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Minneapolis—St Paul Probate Litigation: Minnesota Civil Trial Attorney

Litigation in probate cases is not a first step. It is also rarely a last step.
Before even considering litigating, the interested survivors must determine whether or not a will exists to direct the executor in distributing the estate. A handwritten will is called a holographic will in legal terms—the validity of which is often the subject of litigation. A will can also be prepared by a lawyer and signed by the decedent in the presence of others who can provide witness of the validity of the will. A witnessed will difficult for potential beneficiaries and interested third parties to contest because of the ease with which the witnesses and the preparer can validate the papers.

If no will exists, then Minnesota state law takes over and controls the distribution of the decedent’s assets. Without going into too much detail, Minnesota intestate succession laws distribute assets per stirpes, which means that heirs can be awarded differing amounts based on particular circumstances, as opposed to per capita where each heir receives an identical share.

When a will exists, then the documents must be submitted for probate. During probate, the will is filed with the Clerk of Courts in the county where the deceased person lived (in most circumstances). The representative (the person taking on the responsibility of seeing the probate process through) must petition the court to request that the will be validated.

Will contests are the first, and most common, challenge in probate litigation. Validity issues generally arise in two cases. The first case is whether the decedent in fact wrote or autographed the contested documents. Both signatures and entire documents can be forged. Criminal forgery can carry serious penalties. The second case is whether the decedent had testamentary capacity at the time he or she executed the will.

Competency is more likely to be contested than forgery in the probate process simply because forgery is rare. To possess legal capacity to execute a will, the decedent must comprehend basic concepts. The decedent must know that a will is a document instructing for the distribution of his or her estate. The decedent must understand, at least in general, the assets he or she possesses, such as real and personal property. And the decedent must to be able to recognize or identify the members of his or her family and any other persons to whom he or she wishes to distribute property.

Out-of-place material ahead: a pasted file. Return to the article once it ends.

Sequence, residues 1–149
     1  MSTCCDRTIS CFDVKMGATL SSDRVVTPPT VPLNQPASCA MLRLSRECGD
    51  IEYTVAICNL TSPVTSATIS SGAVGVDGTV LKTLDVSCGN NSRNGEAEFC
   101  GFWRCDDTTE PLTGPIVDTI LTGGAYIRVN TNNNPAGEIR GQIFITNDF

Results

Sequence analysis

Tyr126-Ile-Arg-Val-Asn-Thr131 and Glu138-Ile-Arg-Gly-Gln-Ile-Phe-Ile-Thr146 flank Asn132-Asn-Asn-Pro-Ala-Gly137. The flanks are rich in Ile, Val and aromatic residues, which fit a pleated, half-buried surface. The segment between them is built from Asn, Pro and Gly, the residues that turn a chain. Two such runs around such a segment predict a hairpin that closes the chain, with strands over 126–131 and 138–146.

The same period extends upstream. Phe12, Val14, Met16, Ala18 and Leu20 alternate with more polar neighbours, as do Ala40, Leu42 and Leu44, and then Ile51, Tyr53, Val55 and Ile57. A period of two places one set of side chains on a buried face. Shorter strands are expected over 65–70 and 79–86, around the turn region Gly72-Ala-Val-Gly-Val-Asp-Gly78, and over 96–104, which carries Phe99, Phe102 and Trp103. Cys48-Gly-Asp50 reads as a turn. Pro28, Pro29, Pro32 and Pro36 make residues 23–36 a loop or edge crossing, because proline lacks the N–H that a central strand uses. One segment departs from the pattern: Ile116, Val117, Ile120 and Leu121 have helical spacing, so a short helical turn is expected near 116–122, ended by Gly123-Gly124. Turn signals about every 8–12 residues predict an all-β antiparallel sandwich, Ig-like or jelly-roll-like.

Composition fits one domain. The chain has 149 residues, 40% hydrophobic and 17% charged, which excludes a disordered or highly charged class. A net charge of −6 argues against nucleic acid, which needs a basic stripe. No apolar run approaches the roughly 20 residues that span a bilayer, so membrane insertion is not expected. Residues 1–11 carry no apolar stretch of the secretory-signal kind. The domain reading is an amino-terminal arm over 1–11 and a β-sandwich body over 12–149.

A will written under duress or undue influence should be considered suspect. Undue influence occurs in under several conditions, but the basic issue is whether or not the decedent felt such an irresistible pressure from another person as to write the will granting specific instructions that the decedent had no practical option but to relent to the influence.

Learn more about the probate litigation process.

Appointing an Executor or Administrator

If the probate court validates the will, then the court will confirm the executor if named in the will or appoint an administrator if an executor is not named. The decedent can appoint any person executor. Of course, the appointee must be living to carry out the duties. The decedent can name a relative, a friend, an attorney, a priest, or anyone else. The court may appoint any person administrator also, but the principal in designating an administrator is choose a person who will adhere to the decedent’s wishes to the extent of the law and will obey the court’s instructions.

This designation is the second issue for litigation. A person with standing can challenge the selection of executor or administrator. Contesting the selection represents an appeal of the decision of the probate court on that issue. The petition needs to show that the designee will fail in his or her duty to execute or administer the estate. Such arguments can be hard to establish.

Distributing the Assets

When all of the previous disputes are resolved, the administrator or executor must fulfill the desires of the decedent and the orders of the court. If a will was validated, then the administrator or executor will distribute the assets to the beneficiaries and creditors according to plan. If the decedent died intestate, then the administrator must distribute the property according to Minnesota intestacy succession law.

Before the property may be distributed, the administrator and court need to determine what in fact the decedent owned and possessed at the time of death. A will might provide that a Property A be distributed to one beneficiary and Property B be distributed to another. If the decedent did not own Property A at death, then the executor or administrator will not have the property to give to the former beneficiary. The later beneficiary will not have to give up a share in his or her property even if the former beneficiary gets nothing.

Determining assets can necessitate litigation. Ownership can be disputed. Value might be disputed. Rightful beneficiaries can be disputed.

Call or contact Twin Cities attorney Patrick K. Oden at 651.210.9409 for a consultation on any probate disputes, including contesting a will, disputing a beneficiary, and challenging appointment of an administrator.

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